Start from Month 1 and transfer the tasks from this month to any of the 4 columns. Be realistic, consider all other responsibilities you expect to have each week, and don’t overload it too much. Ideally, you will have 5-6 tasks per week, but it will, of course, depend on the complexity of your objectives and your other weekly responsibilities.

I recommend you do this one month at a time – this way you will be able to easily move all the tasks and objectives you couldn’t achieve in Month 1 directly to Month 2 and repeat the process.


4. Put these tasks into your daily schedule

If you like to stay organised, then you may already have a way to plan your day-to-day activities either via a daily planner or a calendar. If you do, then you will need to make sure you include the tasks/objectives created earlier into your daily schedule, too.

Some of the tasks may be too time-consuming to get done in one day or one sitting. If that’s the case, then be sure to divide them into more manageable pieces each day. Depending on how packed and busy your days look, you will ideally have 1-3 small tasks that are pushing you towards your goals each day.


5. Know which tasks and objectives are more important

Some of your tasks and objectives will be more time-sensitive or urgent than others. Make sure you are always aware of which of these should be pushed first before you can jump onto the next one. You can follow Stephen Covey’s time-management matrix and assign each of the following to all your tasks:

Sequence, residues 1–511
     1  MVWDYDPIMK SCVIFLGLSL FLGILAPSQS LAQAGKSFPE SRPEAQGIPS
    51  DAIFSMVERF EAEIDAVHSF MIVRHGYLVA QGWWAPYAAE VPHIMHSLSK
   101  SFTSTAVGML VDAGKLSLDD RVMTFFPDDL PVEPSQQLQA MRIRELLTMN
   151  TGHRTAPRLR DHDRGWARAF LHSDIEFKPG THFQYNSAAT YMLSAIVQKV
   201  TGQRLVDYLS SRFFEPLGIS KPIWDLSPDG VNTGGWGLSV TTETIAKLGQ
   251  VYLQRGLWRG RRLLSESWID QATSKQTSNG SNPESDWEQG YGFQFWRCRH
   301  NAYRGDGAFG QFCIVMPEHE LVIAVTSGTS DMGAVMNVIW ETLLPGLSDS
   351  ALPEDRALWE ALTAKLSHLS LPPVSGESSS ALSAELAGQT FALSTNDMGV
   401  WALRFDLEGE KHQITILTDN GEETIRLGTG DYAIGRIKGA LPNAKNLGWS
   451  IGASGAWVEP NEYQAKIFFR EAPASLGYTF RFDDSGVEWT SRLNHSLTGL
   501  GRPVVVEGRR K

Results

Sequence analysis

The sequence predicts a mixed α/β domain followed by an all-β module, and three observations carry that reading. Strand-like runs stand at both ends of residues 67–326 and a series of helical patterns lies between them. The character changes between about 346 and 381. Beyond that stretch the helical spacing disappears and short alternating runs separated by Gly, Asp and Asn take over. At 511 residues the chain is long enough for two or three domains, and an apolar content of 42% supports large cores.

Urgent & important: Tasks that require your immediate attention. It can be anything from preparing an important presentation at a short notice to going to a booked appointment with a doctor. Such tasks may not be of your own making but something that you are required to do. They should be prioritised and dealt with immediately or as fast as possible. These tasks will need to be done first before you can move on to the tasks from your longlist.
Not urgent, but important: Tasks that are important to do but do not require your immediate attention at that particular time. These tasks are usually one way or the other connected to your short or long-term goals.
Urgent, but not important: Tasks that are urgent, but they are not important to you. These may include various interruptions, meetings, incoming calls or emails, etc. You should do your best to minimise your time spent on these tasks. Make an effort to avoid them, delegate to someone else, or do them quickly.
Not urgent & not important: Tasks that are neither urgent nor important. These usually are the activities that lead you to procrastination or just generally waste your time. It may include checking on your social media aimlessly, watching Youtube videos, etc. Do your best to avoid them wherever possible or leave them at the very end once you do everything else that you have planned for the day.


6. Find what works for you best

There are several ways to plan your time and schedule tasks. Some people use Excel sheets, calendars, project management apps, planner journals, others even simply depend on their memory. If you are just starting, then you may need to go through some trial and error until you wind the tools that work for you best.

If you are interested, you can try our printed or digital goal planners that follow the framework discussed above. Alternatively, you can always grab a simple journal or notebook of your choice and create your own. Good luck! 😊💪